Dying Intestate in the UK – What can Happen, and Why you Should get a Will Today
Recently, a BBC poll found that around 70% of people in Britain have no formal last will and testament prepared. That means that 7 people out of every 10 deaths in Britain are leaving their estate in the hands of the convoluted, frustrating and, at times, dangerous British intestate laws.
If you’re one of these people – happily strolling around without a care in the world – I advise you to read on.
Dying Before Preparing a Will
Now, let’s face it: Death is horrible. The death of anyone is upsetting, especially in the case of friends, family or anyone we love – let alone the thought of our own eventual mortality. Unfortunately, however, this is a part of life; people come and people go. The least we can do is ensure that what we are leaving behind is a neatly prepared package of instructions that will help dole out everything you’ve left behind, be it property, petty cash, or sentimental possessions.
What To Expect
The full list of consequences to expect if you fail to draft one of these instruction booklets is long, drawn-out and very much circumstance-specific. The after-effects can be huge, or they can be relatively small, and this all depends on a few choice factors: Your marital status, whether you have children or not and the total number of surviving blood relatives.
To put it in perspective, here’s an example. If you are unmarried, have no children and have left nobody behind to survive you, then your entire life’s work will drop with the speed of gravity straight into the pockets of the Crown. In fact, in 2009, the State made a reported ₤73 million from people who died intestate.
The more children, ex-spouses and surviving relatives you have, the more the outcomes can be difficult to predict.
For parents then, it might be worth considering the following scenario: If you were to die intestate, being married and with one child, the laws will consider your estate thusly:
Firstly, who is the owner of the house? Was it purchased before the wedding, after, joint-owned? If it’s joint-owned, the co-owner will inherit the remainder. If you are the sole owner, however, i.e. the house was purchased before the wedding and your spouse moved in later on, expect this sort of future: Only the first ₤250,000 will pass to the spouse, while half of the remaining sum will be given to the child. Your spouse would then inherit a ‘life interest’ in the remaining half of the latter amount, meaning she can not sell off this portion, but can benefit from interest it accrues.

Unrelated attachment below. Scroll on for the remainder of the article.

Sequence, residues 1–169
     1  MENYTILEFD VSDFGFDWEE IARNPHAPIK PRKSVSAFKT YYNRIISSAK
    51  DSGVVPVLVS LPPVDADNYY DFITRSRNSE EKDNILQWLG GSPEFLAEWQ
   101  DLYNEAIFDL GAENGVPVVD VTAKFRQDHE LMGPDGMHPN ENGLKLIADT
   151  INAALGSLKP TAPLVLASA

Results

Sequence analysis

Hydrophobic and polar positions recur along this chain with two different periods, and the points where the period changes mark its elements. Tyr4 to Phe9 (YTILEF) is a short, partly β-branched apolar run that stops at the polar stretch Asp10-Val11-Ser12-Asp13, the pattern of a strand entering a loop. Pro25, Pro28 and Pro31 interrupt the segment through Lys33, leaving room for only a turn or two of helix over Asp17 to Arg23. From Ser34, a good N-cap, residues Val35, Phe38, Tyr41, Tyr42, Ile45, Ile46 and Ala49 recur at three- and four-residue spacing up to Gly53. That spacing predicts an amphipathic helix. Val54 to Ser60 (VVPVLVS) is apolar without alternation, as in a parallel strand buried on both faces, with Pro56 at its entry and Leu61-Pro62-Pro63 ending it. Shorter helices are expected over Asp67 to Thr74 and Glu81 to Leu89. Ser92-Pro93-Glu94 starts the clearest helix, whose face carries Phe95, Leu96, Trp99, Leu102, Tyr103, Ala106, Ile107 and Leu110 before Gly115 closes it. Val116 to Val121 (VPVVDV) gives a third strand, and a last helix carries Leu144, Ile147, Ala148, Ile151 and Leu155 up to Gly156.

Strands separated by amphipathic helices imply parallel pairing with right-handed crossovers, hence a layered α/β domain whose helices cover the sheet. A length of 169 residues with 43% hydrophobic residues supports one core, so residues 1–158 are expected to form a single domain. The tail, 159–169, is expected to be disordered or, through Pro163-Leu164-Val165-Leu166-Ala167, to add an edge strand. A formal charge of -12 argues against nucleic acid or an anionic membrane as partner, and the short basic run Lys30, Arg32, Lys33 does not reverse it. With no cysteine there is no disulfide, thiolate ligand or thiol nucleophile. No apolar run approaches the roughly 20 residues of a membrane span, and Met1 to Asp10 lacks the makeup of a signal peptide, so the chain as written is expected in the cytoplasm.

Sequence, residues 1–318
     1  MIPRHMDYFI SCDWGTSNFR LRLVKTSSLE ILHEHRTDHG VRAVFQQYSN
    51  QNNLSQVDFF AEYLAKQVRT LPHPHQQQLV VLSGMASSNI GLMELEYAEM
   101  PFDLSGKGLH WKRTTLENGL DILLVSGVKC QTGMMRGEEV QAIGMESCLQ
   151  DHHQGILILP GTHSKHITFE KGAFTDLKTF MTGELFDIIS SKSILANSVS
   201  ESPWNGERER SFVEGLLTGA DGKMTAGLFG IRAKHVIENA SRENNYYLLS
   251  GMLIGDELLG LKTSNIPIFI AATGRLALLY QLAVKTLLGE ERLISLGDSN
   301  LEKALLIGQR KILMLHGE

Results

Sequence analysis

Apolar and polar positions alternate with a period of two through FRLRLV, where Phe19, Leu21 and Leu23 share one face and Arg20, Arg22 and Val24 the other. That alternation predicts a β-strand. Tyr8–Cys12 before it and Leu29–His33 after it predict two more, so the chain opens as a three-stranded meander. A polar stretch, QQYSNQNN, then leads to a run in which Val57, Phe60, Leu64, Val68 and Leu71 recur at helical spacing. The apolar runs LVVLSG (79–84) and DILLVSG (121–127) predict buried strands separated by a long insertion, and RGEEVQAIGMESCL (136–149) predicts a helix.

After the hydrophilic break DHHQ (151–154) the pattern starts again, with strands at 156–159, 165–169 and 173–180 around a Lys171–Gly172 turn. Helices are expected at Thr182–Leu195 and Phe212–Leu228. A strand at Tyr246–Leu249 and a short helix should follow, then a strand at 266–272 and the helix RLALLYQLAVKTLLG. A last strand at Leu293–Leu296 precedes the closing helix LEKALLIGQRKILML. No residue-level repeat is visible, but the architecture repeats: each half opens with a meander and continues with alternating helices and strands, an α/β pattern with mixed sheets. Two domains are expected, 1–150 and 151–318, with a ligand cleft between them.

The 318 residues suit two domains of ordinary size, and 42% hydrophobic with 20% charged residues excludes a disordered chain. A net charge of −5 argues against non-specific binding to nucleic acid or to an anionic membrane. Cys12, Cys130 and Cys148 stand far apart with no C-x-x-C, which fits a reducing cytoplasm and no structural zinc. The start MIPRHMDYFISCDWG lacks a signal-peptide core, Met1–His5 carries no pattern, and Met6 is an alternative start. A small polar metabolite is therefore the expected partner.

That doesn’t sound all that bad in retrospect, right? Everyone seems to get a piece of the pie. Well, the above only applies when the total amount of the estate is worth over ₤250,000. If not, your spouse would not receive a penny. You’re are also afforded no guarantees regarding any ‘extra-curricular’ heirs, so to speak. Perhaps you want to leave a substantial cash gift to that neighbour who looked after you for years; who grew to become as much a part of the family as anyone else. Or perhaps you want to leave a little bit extra for a child that is supporting a family of their own on a very low income. Well, without preparing a will before hand, you can’t.
As an extra warning, consider the tale of Richard Moore who died suddenly in 2009 before getting round to preparing a will of his own. As is customary, the decision regarding where his estate would go was left to the State – and they followed the UK intestacy laws to the letter. Here’s what happened:
Richard Moore’s estate was divided up equally between his two surviving parents. His siblings and friends got nothing. The real tragedy, however, is that Richard Moore’s father had abandoned his family when he was only a child, and Moore hadn’t received as much as a Christmas card from the man his entire life. This man, then, a man who was little more than a stranger to the deceased was handed half of Moore’s entire estate – half of his life’s work. And the tragedy doesn’t end there, unfortunately. The onus was on Moore’s mother as the other beneficiary to hunt down her ex-husband and give him what he was due. The financial, emotional and physical burden of this pursuit was all rested on the shoulders of Moore’s mother, a hunt that eventually meant the family had to sell off much of their portion of Moore’s estate, from his home to his CD collection, in order to cover the expensive legal fees.
And while the above example is especially upsetting, please don’t think it is at all rare in its outcome. Intestate deaths occur on a daily basis, a phenomenon that we can only blame ourselves for. After all, it only costs about ₤85 to have a will officially prepared, or you can pick up a DIY pack for around ₤10 in most book stores.
If you’re one of the 70% who has no will, then, I would hope this article has encouraged you to think twice about the risk you could potentially be taking. If you want more information or some specialised predictions regarding your personal situation you can speak to a specialist company like Coles Law wills and probate services.